The first project I would like to put forward on this blog concerns the integration of external business data with Microsoft SharePoint Online. This theme concerned a part of my Bachelor’s thesis that I did last summer which was named “Electronic Documents Management Optimization In A Consulting Firm”.  I will share the parts that I found the most interesting and challenging, in my opinion.

Context

First of all I would like to put some context on the topic that I will cover. The company I worked for was a small “deskless” RH consulting business that managed all of its information (addresses, meetings, projects, etc) through the web, on a custom built PHP-MySQL CRM (Customer Relationship Management) server. It was hosted by a local ISP on a linux server.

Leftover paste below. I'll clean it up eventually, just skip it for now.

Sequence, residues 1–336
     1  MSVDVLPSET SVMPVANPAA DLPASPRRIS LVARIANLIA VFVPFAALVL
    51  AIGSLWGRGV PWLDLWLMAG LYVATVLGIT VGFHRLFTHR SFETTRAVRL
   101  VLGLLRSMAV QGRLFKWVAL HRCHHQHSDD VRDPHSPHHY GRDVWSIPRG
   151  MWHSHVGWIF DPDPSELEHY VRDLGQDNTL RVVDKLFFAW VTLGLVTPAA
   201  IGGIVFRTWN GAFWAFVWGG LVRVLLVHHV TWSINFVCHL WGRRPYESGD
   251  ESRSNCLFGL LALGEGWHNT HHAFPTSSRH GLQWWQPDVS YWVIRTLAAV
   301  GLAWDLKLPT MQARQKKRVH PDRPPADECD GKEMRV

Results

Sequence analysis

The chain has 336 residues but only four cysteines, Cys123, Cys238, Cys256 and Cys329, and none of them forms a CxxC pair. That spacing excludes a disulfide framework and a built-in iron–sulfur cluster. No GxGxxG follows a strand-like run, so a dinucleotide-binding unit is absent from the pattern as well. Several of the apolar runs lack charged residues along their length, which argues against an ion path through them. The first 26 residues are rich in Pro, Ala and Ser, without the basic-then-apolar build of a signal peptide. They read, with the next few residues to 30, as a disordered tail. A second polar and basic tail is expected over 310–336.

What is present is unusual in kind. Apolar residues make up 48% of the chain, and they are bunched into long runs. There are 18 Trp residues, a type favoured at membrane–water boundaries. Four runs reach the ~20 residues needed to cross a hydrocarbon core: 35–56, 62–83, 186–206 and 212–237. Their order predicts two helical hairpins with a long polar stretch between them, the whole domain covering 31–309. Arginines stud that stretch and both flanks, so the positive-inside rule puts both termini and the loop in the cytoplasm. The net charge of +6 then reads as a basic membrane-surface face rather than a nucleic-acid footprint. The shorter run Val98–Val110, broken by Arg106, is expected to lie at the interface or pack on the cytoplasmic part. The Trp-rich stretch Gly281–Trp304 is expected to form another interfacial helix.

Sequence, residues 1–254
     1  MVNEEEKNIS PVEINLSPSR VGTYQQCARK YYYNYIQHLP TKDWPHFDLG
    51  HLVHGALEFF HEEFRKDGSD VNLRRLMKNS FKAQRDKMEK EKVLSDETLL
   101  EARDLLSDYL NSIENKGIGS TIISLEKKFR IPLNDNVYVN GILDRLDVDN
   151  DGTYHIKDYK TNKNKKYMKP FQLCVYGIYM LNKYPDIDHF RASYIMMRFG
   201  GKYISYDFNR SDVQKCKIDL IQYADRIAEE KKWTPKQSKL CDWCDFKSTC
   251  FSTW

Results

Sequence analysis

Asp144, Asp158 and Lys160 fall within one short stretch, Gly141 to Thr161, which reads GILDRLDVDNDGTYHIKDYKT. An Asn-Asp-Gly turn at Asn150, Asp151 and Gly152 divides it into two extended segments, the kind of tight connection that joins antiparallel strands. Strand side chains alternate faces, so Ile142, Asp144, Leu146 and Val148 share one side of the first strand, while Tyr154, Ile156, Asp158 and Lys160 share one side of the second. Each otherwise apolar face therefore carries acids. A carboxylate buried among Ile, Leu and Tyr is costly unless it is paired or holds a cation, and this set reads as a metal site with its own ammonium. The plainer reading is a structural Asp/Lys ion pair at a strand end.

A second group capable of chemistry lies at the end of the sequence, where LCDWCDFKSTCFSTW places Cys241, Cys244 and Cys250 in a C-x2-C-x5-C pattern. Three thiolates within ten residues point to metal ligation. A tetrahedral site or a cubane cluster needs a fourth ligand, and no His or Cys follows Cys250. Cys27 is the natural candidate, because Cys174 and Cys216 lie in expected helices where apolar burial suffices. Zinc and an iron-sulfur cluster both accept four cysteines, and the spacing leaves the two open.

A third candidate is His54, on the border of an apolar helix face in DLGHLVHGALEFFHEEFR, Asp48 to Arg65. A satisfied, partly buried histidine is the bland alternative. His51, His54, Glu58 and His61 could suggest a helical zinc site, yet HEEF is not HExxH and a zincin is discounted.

It soon became apparent that such a CRM wouldn’t be able to support a centralized document management system, which the company increasingly needed. Consequently, they had to find a solution available on the market.

The company finally settled for Microsoft’s cloud based solution, SharePoint Online, which is part of the Business Productivity Online Suite, to manage their documents. It turned out to be perfectly suited for such a small deskless company. It offered great functionality fora very low cost (thanks to the Software As A Service model, where you pay only for what you use), and low maintenance once set up.

Conception of a solution

One of the challenges of SharePoint Online is that there isn’t any obvious way to integrate external business data from a non-Microsoft source.

Abstract schema of a CRM, Connector and SharePoint Online interacting